Thursday, 22 March 2018
IT’S not known whether Game of Thrones creator George RR Martin is a tennis fan. One tends to suspect not.
But with the series of epic fantasy novels that inspired the series, A Song of Ice and Fire, still a work in progress, he could do a lot worse than to check out Borg vs McEnroe as a possible source of inspiration.
“Fire and ice” being the famous description of the
on-court rivalry between Björn Borg and John McEnroe that is the subject of this film.
Polar opposites in style, demeanour, appearance and temperament, theirs was a clash of the titans that had everything.
Borg was a disciplined, ascetic Swede, with the focus of a monk and the hair of a Viking, while McEnroe was a brash trash-talker from New York with a reputation for flouting decorum, hectoring officials and throwing both tantrums and rackets.
Things came to a head at Wimbledon on July 5, 1980, when the pair contested what is widely regarded as one of the greatest tennis finals of all time.
Borg, the defending champion, had won the previous four championships at the All England Club — an unmatched feat in the professional era.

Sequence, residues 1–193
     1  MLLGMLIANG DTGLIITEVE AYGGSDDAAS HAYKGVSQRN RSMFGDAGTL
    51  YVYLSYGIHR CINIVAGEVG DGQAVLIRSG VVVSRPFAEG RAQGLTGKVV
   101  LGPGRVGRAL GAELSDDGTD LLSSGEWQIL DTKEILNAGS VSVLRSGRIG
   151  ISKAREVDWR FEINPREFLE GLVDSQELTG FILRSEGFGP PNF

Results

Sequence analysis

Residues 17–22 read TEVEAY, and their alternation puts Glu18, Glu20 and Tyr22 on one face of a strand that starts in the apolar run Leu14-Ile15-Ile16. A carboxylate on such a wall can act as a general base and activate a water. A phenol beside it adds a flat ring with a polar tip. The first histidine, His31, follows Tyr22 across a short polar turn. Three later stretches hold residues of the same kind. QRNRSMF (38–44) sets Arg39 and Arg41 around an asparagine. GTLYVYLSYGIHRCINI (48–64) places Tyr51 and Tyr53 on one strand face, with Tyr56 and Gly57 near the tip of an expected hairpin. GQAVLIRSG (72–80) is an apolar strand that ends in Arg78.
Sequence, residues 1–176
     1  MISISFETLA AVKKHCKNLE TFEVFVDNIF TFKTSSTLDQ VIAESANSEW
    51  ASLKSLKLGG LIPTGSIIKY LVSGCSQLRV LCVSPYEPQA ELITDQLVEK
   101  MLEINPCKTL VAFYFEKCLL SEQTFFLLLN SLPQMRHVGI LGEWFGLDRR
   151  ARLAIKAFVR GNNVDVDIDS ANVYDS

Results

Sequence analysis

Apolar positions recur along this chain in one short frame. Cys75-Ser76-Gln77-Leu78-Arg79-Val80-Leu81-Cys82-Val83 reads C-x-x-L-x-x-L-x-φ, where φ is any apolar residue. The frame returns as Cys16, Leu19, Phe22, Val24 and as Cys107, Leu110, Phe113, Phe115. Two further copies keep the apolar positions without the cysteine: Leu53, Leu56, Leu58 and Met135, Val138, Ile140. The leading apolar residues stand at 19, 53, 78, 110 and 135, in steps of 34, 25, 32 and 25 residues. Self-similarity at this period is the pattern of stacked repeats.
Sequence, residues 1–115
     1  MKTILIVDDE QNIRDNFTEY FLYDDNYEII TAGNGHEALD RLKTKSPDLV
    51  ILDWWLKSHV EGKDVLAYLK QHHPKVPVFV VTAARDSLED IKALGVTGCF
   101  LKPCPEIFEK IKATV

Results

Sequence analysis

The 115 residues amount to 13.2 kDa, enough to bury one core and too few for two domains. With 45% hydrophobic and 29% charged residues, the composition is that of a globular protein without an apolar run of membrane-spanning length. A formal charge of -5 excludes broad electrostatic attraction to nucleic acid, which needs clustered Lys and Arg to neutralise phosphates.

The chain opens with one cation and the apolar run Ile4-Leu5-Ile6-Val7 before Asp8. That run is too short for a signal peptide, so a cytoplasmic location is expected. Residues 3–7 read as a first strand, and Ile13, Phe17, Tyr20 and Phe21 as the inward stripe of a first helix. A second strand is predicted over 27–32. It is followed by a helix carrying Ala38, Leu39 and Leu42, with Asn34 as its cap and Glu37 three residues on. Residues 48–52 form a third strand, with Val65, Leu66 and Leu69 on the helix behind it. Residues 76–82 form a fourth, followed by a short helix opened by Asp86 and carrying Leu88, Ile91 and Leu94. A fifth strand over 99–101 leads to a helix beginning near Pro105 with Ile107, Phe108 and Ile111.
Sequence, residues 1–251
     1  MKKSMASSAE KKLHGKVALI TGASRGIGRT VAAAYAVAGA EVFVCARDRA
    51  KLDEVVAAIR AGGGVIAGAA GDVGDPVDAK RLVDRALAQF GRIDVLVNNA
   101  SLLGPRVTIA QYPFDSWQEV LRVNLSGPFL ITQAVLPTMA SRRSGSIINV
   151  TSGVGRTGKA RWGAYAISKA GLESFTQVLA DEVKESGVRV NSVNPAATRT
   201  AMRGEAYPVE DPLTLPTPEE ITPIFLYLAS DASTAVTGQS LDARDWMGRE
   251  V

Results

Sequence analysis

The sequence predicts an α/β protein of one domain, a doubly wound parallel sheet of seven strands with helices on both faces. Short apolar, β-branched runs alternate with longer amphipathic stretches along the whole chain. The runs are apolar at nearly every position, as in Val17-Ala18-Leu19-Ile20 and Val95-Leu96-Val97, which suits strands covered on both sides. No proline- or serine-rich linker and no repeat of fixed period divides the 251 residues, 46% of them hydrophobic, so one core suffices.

He had also doubled up by winning the 1978 and 1979 French Opens — something which no other player has got close to doing since.
Later on in his career, during the 1984 season, McEnroe would record a win rate of 96.5 per cent — 82 games won with three lost — that remains unequalled to this day.
We are dealing here with true greats who together produced one of the most thrilling sporting spectacles ever seen on these shores.
As their epic confrontation approaches, the film sees both men delve into their formative memories to find the strength and the answers they’ll need.
As much a character study as a sports movie, Borg vs McEnroe sets out to strip bare the personalities and inner demons that would shape one of the most riveting dramas in tennis history.
It also features arguably this year’s most fascinating piece of casting: Hollywood bad boy Shia LaBeouf in the role of tennis’s legendary Superbrat — whose “You cannot be serious!” rant even inspired a top 20 single.
Yet this is not the only coup in Janus Metz Pedersen’s drama, which also features Borg’s son Leo playing his father as an adolescent, Borg’s father Rune in a cameo role, and Stellan Skarsgård in his first Swedish film since 2008.
On this evidence, Borg vs McEnroe is close to being as unmissable as that 1980 final was.
25 September 2017
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